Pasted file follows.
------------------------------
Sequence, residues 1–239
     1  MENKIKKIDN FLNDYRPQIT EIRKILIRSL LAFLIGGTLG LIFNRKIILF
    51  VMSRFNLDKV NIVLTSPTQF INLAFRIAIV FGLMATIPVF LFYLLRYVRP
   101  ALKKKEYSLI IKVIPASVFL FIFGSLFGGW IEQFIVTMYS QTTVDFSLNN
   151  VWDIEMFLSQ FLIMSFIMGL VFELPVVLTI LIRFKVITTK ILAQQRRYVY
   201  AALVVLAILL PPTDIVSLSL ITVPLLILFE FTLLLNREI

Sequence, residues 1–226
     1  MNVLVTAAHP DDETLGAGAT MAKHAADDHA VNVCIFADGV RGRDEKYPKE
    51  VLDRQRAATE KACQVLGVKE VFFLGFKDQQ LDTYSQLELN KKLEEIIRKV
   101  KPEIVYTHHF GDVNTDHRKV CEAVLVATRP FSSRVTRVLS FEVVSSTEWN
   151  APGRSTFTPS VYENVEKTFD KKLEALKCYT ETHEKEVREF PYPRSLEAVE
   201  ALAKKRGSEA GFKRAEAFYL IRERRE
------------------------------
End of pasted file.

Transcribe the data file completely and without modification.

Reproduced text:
Sequence, residues 1–239
     1  MENKIKKIDN FLNDYRPQIT EIRKILIRSL LAFLIGGTLG LIFNRKIILF
    51  VMSRFNLDKV NIVLTSPTQF INLAFRIAIV FGLMATIPVF LFYLLRYVRP
   101  ALKKKEYSLI IKVIPASVFL FIFGSLFGGW IEQFIVTMYS QTTVDFSLNN
   151  VWDIEMFLSQ FLIMSFIMGL VFELPVVLTI LIRFKVITTK ILAQQRRYVY
   201  AALVVLAILL PPTDIVSLSL ITVPLLILFE FTLLLNREI

Sequence, residues 1–226
     1  MNVLVTAAHP DDETLGAGAT MAKHAADDHA VNVCIFADGV RGRDEKYPKE
    51  VLDRQRAATE KACQVLGVKE VFFLGFKDQQ LDTYSQLELN KKLEEIIRKV
   101  KPEIVYTHHF GDVNTDHRKV CEAVLVATRP FSSRVTRVLS FEVVSSTEWN
   151  APGRSTFTPS VYENVEKTFD KKLEALKCYT ETHEKEVREF PYPRSLEAVE
   201  ALAKKRGSEA GFKRAEAFYL IRERRE